Apple’s Quiet War on Independent Repairmen

Apple’s Quiet War on Independent Repairmen. By Napoleon Linarthatos.

Right to Repair is a nationwide effort that aims to use legislation to return to consumers the choice of where and how to fix devices they own.

[YouTuber Louis Rossmann] argues that what is going on now would be unthinkable just a few decades back. Corporations back then respected the consumers’ right to fix their stuff. Schematics were widely available, you could buy them at the local electronics store, or contact the manufacturer to send them to you. Appliances, like refrigerators, often came with a set of schematics and instructions for how to fix them.

Apple tries to inculcate in the minds of its customers an assumption that devices should only be repaired by the corporation and its controlled network of authorized repair stores. …

Jessa Jones, owner of an independent repair service who lobbies for Right to Repair, testified in Boston that her group up to that point had fixed 30,000 devices, “less than 5 percent” of which “would be considered fixable by authorized repairs.”

Apple Inc. headquarters sign

Rossmann does not like Apple. Many of his videos are about how the company is screwing, ripping off, torturing, and generally abusing its customers. … What drives him nuts, he says, is when people pay for a device with a design flaw and are told at Apple’s Genius Bar that the problem is how they use that device. “Six months later a recall program would come out and they [customers] would bring it up [to Apple] and say can you fix this, sorry can’t. People would get screwed over and over again and still buy it.” …

A study from 2011 found “that customers who used independent auto repair shops spent about 24 percent less on repairs each year.” That very important price differential was achieved while the small repair shops faced substantial artificial barriers in doing business. In the tech realm, Apple uses its enormous financial heft as a purchaser of parts in order to force its suppliers in contracts that prohibit them from selling parts to independent repair stores. Rossmann has to get on Skype with people around the globe that specialize in part dumpster dives in order to find parts that suppliers are not permitted to sell him. At other times he has to buy a whole device only to retrieve a single chip out of it. One can only imagine the savings for the consumers if an open market were allowed to operate when it comes to parts, schematics, and diagrams. …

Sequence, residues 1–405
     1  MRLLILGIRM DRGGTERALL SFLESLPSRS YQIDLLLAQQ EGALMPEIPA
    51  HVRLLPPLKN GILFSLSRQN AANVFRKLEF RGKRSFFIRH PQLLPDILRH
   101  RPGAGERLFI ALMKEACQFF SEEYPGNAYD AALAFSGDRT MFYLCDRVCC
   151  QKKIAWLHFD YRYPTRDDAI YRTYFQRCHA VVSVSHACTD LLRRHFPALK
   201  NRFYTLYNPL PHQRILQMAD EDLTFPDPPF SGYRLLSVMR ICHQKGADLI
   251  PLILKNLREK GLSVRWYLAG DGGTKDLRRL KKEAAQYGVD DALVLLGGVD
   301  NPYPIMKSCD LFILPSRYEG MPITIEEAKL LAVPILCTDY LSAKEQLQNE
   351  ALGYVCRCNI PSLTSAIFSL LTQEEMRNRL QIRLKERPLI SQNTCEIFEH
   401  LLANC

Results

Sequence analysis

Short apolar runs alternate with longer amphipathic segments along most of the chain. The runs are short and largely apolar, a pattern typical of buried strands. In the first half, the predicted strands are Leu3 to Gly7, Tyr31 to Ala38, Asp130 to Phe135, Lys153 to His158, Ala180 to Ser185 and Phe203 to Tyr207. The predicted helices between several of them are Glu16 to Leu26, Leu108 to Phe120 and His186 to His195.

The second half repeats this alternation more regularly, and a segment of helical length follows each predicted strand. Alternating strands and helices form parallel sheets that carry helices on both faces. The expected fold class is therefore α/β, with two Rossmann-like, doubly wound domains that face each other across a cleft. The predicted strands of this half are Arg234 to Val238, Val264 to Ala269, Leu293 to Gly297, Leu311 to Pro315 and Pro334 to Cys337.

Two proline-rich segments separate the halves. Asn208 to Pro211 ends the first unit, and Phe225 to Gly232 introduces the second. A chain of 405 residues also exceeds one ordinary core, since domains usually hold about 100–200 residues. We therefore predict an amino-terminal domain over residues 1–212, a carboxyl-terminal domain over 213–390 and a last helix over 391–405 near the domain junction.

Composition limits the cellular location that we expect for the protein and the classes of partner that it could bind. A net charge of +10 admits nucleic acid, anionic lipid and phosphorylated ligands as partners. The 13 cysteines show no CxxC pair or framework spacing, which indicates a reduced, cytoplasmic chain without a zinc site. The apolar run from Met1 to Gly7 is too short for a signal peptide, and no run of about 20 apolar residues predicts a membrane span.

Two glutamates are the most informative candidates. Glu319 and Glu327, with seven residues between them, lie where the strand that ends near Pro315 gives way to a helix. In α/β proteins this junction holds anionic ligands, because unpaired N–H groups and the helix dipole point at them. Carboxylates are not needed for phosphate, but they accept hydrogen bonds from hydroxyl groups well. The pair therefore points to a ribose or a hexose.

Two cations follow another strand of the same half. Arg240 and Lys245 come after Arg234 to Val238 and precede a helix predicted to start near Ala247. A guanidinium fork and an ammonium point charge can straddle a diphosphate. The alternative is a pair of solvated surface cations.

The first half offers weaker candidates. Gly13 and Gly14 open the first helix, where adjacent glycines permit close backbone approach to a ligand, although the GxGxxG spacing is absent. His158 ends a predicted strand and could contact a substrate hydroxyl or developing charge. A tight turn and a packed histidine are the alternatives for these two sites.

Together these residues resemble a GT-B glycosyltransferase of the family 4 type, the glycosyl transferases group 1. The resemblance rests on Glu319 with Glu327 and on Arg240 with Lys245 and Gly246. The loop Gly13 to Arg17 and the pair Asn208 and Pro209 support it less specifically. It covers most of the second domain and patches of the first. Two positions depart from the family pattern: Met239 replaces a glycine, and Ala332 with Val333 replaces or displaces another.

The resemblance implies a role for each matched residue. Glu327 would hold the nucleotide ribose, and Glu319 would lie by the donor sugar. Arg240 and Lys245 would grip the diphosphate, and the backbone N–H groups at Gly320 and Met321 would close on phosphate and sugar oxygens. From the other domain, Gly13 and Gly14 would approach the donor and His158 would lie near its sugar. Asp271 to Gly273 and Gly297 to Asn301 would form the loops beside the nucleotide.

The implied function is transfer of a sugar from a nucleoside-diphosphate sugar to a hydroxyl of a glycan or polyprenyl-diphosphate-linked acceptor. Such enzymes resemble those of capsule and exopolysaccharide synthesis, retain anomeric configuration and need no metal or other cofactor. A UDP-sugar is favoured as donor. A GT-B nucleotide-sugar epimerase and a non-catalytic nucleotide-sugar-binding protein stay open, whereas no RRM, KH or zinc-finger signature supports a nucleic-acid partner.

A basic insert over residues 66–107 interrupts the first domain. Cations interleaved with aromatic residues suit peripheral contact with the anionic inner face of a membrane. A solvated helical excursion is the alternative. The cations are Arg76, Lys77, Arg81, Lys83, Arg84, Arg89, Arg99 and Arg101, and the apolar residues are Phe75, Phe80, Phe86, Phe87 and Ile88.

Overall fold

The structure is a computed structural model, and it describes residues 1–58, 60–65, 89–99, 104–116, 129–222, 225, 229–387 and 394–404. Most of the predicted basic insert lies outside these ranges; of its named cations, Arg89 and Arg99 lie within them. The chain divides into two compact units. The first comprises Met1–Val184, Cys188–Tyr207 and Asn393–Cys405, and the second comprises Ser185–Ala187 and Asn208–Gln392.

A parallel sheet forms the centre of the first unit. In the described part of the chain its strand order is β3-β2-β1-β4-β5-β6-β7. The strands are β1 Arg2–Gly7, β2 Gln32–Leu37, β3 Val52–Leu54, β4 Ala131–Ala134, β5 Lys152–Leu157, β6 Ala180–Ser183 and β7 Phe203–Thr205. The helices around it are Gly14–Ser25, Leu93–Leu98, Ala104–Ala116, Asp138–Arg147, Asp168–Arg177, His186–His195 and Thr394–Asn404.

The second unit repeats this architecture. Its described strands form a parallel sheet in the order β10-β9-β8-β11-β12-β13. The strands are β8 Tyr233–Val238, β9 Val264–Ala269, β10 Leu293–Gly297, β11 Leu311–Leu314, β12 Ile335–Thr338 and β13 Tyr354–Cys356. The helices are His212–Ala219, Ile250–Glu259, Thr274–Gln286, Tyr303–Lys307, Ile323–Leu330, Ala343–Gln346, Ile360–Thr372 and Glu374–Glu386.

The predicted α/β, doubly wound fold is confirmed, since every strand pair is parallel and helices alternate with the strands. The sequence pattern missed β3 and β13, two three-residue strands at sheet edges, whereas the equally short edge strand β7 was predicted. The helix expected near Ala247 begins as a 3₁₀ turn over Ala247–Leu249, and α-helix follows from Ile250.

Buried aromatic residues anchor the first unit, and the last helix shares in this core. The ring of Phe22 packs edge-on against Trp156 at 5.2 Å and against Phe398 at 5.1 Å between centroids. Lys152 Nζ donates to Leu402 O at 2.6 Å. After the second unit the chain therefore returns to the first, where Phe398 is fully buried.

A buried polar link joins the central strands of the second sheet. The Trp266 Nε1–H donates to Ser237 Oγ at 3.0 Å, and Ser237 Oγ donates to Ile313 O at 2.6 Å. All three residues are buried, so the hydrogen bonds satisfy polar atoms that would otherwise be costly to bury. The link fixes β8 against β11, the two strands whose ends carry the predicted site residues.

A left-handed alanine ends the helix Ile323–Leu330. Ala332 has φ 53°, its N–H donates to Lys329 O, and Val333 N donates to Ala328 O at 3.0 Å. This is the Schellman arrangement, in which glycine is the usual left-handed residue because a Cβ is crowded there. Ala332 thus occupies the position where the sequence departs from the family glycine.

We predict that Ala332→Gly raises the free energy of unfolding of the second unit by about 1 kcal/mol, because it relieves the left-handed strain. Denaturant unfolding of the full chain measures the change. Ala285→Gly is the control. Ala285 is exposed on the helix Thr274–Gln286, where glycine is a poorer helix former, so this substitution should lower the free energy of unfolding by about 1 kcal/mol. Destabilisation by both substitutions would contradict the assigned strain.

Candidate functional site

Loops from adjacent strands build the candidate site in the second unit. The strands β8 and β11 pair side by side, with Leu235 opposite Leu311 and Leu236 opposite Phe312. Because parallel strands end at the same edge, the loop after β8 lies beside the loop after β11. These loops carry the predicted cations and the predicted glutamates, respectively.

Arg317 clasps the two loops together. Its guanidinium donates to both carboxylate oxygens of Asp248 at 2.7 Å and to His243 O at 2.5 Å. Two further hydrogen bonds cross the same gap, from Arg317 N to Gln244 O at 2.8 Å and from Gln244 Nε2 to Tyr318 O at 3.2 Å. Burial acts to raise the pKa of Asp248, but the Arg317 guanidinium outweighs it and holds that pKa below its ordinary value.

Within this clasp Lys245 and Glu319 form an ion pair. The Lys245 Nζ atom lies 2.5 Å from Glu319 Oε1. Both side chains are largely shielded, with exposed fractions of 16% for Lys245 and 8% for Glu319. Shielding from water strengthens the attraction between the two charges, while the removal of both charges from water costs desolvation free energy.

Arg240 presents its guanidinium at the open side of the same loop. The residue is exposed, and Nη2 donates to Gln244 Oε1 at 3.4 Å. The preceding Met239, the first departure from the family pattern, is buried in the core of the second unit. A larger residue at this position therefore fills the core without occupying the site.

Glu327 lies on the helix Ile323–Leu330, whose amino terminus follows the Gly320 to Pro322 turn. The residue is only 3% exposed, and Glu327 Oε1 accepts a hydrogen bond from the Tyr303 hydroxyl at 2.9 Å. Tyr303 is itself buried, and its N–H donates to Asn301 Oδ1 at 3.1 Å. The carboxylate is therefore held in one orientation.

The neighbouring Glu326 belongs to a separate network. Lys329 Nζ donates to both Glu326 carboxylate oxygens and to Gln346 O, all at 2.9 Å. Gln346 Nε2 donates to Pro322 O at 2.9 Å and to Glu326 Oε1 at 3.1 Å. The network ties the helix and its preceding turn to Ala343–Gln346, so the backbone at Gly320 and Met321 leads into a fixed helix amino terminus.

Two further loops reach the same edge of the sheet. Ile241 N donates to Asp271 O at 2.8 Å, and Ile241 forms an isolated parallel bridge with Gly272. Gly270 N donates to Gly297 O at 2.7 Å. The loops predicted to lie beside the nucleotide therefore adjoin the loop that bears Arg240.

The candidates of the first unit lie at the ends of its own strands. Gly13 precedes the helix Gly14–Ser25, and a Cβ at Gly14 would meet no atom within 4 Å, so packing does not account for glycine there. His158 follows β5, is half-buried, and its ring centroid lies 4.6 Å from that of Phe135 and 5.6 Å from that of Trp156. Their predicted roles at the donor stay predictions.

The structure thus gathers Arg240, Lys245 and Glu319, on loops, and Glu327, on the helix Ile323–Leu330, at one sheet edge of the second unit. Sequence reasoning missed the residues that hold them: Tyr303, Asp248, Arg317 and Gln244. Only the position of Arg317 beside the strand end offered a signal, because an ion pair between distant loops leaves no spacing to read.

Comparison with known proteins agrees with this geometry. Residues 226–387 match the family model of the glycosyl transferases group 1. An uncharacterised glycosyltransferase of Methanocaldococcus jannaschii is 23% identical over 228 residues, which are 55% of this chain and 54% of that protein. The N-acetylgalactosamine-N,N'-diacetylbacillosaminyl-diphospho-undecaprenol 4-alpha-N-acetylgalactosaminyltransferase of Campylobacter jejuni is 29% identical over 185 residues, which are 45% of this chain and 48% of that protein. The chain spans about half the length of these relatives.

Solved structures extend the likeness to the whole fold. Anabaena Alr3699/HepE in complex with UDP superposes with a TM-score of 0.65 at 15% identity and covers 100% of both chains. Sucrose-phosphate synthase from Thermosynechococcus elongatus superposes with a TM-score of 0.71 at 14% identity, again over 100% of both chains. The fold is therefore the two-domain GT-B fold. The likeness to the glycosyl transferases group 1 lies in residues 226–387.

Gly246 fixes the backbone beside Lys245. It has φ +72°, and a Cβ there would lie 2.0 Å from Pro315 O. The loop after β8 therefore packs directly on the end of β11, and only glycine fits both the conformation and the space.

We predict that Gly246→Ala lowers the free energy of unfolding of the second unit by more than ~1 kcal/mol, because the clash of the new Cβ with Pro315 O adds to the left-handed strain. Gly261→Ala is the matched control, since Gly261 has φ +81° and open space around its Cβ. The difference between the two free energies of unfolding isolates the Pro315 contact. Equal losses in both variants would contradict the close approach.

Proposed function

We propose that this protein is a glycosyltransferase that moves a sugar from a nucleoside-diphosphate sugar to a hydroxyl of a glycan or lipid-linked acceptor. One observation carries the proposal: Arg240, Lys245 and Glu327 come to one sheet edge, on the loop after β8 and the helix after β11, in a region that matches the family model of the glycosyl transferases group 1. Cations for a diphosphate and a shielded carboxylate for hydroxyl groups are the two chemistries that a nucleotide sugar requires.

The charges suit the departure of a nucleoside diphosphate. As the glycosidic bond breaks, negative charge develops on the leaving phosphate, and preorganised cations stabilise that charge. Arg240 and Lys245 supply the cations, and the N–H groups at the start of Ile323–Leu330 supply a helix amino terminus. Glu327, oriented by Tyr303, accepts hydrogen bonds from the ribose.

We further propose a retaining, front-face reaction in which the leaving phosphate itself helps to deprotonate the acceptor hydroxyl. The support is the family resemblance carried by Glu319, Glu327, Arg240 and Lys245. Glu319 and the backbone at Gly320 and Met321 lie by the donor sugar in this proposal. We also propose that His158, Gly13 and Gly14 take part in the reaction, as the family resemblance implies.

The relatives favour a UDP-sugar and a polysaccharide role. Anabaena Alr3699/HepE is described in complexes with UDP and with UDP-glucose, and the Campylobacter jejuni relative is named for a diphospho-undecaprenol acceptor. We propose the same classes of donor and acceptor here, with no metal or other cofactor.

The show goes on to show the many ways that Apple impedes repairs. Special-made non-standard screws so the devices cannot be easily opened, gluing batteries that do not need to be glued in, and so on. Then there is the issue of planned obsolescence, where older iPhones become significantly slower after a system update. All to make independent repairs much more difficult; all to make the purchase of a new device the more practical option.

The size of a corporation like Apple allows it to shield itself from the consequences of the policies it advocates. Backing leftist policies at home while stashing the cash abroad allows for virtue signaling at the best possible side of the profit margin. …

Resisting the new digital serfdom of renters:

The right to repair is nothing more than the effort to reinstate the individual’s rights of ownership. It is a movement so contrary to the new subscription model of life, where you are always one payment away from losing it all.

An environment of centralized control, where everything is always supervised, curated and monitored by a managerial class increasingly skeptical of the individual will. We are being conditioned to a state of digital serfdom, as if it has been algorithmically dictated that individual choice and individuality are no more.

hat-tip Stephen Neil